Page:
...Central/southern High Plains...
Isolated to widely scattered thunderstorms may develop this
afternoon over the higher terrain of northeastern NM and central CO.
Additional development is possible over adjoining High Plains --
particularly near outflow and differential-heating boundaries -- as
diurnal heating and modest cooling aloft steepen lapse rates and
weaken MLCINH near the shortwave trough and MCV. Isolated severe
gusts and hail are possible, though low/middle-level flow and shear
will be weak, limiting overall organization of the threat. Also, an
extensive area of clouds, precip and outflow has spread across a
large part of the southern High Plains, to west-central/northwest TX
and the Permian Basin. This feature is related to yesterday's
convection over northeastern NM, southeastern CO, and the TX/OK
Panhandles. As a result, lower theta-e, longer diabatic-
destabilization times, and somewhat poorer moisture quality will be
available to convection forming and moving off the higher terrain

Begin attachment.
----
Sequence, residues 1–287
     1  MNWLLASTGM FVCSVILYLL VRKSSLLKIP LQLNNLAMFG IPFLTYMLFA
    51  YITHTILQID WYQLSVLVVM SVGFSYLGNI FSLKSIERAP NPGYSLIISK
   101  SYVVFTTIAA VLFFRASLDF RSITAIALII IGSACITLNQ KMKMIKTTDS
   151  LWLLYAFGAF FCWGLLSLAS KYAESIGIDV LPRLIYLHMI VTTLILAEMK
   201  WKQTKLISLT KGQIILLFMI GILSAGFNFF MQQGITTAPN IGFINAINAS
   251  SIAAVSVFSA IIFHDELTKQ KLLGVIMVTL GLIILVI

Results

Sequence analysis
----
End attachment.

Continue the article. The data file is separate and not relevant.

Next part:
Widely scattered to scattered thunderstorms should develop this
afternoon -- perhaps in a couple of episodes -- near a subtle
surface trough and convergence line across the northern and western
parts of the outlook area. Isolated hail and damaging to marginally
severe gusts should be the main concern.
Though near-surface flow will be weak, MLCINH will be as well, with
only subtle kinematic boundary-layer forcing needed for convective
lift in concert with diurnal heating. This will occur as the strong
mid/upper shortwave approaches from QC, with associated cooling/
destabilization aloft contributing to a favorable convective
environment. Sufficient low-level moisture is in lace to support a
narrow corridor of 500-1000 J/kg MLCAPE in northern ME, increasing
to 1000-1500 J/kg MLCAPE south-southwestward across the eastern
remainder of New England. Though low-level shear will be
constrained by the weak speeds, veering with height will contribute
to 30-40-kt effective-shear magnitudes, and approximately straight
low/middle-level hodographs. This indicates potential for a blend
of multicell and somewhat-organized supercell modes.
NOTE: THE NEXT DAY 1 OUTLOOK IS SCHEDULED BY 1630Z